The use of screens affects all ages. In our home, there are as many smartphones as residents in the household. Adding the iPads and computers in our house, and it’s probably just the pets that do not stare into the ever-rewarding light at least once in half-an-hour while we think we share the experience of a cozy family evening.
The screen is the first thing many of us see when we wake up in the morning and the last before we fall asleep in the evening. Never have the differences in attitudes and lifestyles been as big as between the previous generations, writes Jean M Twenge in her latest book i-Gen: Why Today’s Super-Connected Kids Are Growing Up Less Rebellious, More Tolerant, Less Happy -and Completely Unprepared for Adulthood–and What That Means for the Rest of Us (Atria Books, 2017).
Being a family man, I have read it with great interest. The book offers insights in explaining the following phenomena:
Today’s young, don’t drink alcohol, as we did. Today’s young do homework with episode 76 of Friends on their iPad or cell phone, they also have an ongoing chat on Snapchat and are talking to at least one person on Facetime. At the same time, they read fewer books and do not answer “out” on the question “where are you going?” as we did.
They know that we can find out where they are. Today’s youth is more tolerant of different ways of thinking but does not help to clean the entire homestead as often as we were forced to, under various threats may be added. Those who read I-Gen can add that millennials have sex later in life, take less responsibility for their finances, are more emotionally fragile. In summary, they become adults later than we did. The smartphone has changed everything, writes Jean M Twenge.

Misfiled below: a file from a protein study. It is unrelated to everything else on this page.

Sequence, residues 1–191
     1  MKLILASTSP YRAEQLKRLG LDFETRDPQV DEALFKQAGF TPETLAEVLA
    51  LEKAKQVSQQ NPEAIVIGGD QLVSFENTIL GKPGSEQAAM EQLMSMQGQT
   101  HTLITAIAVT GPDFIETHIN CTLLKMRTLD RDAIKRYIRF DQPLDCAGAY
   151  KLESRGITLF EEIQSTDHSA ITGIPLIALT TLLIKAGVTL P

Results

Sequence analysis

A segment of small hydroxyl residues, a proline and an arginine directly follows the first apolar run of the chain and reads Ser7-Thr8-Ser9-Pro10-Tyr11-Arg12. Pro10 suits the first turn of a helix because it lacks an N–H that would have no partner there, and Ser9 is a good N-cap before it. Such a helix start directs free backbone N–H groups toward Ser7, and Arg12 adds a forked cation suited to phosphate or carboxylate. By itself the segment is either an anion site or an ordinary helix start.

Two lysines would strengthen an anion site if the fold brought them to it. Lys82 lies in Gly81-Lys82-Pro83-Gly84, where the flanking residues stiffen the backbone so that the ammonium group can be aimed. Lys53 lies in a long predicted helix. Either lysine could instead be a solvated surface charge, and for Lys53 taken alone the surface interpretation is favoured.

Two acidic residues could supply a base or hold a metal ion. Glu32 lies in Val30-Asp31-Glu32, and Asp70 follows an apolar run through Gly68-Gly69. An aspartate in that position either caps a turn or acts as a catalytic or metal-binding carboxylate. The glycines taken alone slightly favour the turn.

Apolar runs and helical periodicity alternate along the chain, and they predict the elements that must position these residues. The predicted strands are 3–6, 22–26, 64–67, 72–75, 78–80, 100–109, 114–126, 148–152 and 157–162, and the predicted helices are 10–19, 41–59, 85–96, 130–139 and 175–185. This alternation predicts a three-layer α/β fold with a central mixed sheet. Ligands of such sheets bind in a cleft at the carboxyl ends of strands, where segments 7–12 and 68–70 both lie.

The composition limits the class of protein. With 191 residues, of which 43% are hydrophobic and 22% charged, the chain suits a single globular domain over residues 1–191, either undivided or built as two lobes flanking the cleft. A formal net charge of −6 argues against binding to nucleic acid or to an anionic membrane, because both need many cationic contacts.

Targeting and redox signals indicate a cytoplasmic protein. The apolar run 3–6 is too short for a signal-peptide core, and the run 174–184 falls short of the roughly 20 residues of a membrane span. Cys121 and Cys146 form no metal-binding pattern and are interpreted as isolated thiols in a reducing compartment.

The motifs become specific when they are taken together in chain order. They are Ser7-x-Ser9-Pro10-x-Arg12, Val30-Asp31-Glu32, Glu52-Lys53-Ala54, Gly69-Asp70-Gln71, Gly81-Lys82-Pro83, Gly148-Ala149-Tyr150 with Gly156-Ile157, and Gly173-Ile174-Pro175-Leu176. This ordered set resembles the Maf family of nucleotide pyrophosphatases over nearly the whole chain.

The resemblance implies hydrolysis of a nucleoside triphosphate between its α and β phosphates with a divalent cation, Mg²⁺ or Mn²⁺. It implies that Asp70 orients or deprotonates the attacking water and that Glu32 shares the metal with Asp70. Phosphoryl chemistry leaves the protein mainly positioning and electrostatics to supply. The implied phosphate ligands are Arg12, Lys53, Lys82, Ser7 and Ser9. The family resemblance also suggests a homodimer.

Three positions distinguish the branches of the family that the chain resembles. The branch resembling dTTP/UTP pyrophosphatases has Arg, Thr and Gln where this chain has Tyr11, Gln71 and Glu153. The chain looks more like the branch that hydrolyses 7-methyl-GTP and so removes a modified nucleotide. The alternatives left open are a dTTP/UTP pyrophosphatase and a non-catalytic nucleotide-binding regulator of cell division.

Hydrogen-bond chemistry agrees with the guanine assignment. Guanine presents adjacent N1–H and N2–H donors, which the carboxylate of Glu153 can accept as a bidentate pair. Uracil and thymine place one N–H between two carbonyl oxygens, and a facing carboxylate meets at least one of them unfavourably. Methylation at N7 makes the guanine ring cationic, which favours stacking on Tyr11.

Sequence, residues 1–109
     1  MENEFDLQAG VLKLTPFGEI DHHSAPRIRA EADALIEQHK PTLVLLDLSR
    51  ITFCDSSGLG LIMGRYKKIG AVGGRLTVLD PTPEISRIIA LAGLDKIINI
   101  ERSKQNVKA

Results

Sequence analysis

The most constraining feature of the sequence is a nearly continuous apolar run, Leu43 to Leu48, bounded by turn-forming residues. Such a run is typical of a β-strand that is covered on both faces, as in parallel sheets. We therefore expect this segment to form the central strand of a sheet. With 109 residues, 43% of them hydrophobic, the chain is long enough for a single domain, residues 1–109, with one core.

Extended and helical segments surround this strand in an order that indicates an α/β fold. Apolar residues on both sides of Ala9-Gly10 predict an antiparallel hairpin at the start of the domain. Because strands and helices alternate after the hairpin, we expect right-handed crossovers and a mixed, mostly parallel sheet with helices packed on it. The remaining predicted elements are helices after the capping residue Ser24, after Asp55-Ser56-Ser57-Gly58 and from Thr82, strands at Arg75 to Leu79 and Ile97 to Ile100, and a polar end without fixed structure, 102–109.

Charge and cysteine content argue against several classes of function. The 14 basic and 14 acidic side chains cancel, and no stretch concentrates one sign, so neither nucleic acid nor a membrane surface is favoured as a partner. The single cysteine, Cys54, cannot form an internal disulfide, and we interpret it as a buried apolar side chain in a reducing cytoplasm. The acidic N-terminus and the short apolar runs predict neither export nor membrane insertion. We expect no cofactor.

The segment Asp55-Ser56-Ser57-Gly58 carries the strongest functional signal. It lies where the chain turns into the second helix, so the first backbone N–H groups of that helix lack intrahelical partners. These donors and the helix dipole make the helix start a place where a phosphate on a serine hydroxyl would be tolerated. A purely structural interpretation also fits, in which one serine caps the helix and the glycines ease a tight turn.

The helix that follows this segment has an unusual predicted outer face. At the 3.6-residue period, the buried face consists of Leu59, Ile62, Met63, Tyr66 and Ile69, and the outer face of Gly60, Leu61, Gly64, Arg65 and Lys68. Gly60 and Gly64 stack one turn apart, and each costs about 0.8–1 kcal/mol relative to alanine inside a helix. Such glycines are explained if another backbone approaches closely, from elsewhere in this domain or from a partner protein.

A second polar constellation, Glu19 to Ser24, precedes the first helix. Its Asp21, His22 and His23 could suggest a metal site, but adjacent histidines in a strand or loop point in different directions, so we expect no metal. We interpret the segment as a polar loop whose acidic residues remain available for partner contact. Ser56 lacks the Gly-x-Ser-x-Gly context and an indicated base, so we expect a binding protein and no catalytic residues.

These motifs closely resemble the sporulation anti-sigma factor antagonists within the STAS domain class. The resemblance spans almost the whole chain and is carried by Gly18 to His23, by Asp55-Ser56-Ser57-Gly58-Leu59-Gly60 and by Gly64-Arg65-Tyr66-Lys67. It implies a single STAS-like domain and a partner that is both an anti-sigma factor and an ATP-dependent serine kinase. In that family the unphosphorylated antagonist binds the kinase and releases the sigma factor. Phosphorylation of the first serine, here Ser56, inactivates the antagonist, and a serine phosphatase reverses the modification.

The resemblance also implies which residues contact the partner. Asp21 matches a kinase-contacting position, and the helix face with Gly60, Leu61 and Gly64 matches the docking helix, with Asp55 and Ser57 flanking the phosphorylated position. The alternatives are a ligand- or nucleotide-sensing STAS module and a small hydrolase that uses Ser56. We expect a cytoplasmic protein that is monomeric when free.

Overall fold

The millennials remain young longer because the phone satisfies the needs they otherwise would have to find in the physical reality which has more uncontrollable dangers and stress levels.
It may sound like a good thing given that the teenage brain matures late when it comes to making overall decisions. On the other hand, the brain may develop slower because of the protected life that comes with the use of smartphones.
Nevertheless, it stings to observe young people’s cell phone dependency. What about if the cell phones are the cigarettes of our time? In 2068 we would look back at the early 2000s with a horror of how we let children sleep with the phones under their pillows. How could we allow them to have cell phones in class despite apparent lack of concentration and learning?
In the US, the average teenager spends 4.5 hours a day with a cell phone, and half of them describe that they are dependent on their phones. Just between 2009 and 2014, the proportion of Swedish schoolchildren who spent at least three hours or more on the internet every day, according to Statistics Sweden, doubled.
The Swedish psychiatrist Anders Hansen writes in his book Hjärnstark (Fitnessförlaget, 2016) that the person who spends more than ten hours a week in front of the screen experiences the least happiness. Young people also spend time with their friends far less, feel more alone, and have problems sleeping. This rather depressing development began in 2007, the year when the iPhone was launched. Jean M Twenge blames the dramatic deterioration of the mental health of youngsters entirely on the phones.
On the radio, I hear a voice that explains mental health problems, believing that we meet our needs satisfactorily through the cell phone, but we chew empty carbohydrates that provide fast energy but no nutrition.
It may be time to realize that there is another kind of reward in life for those who manage to put away the phone and train their stamina and concentration. We need to give young people a chance to develop that ability.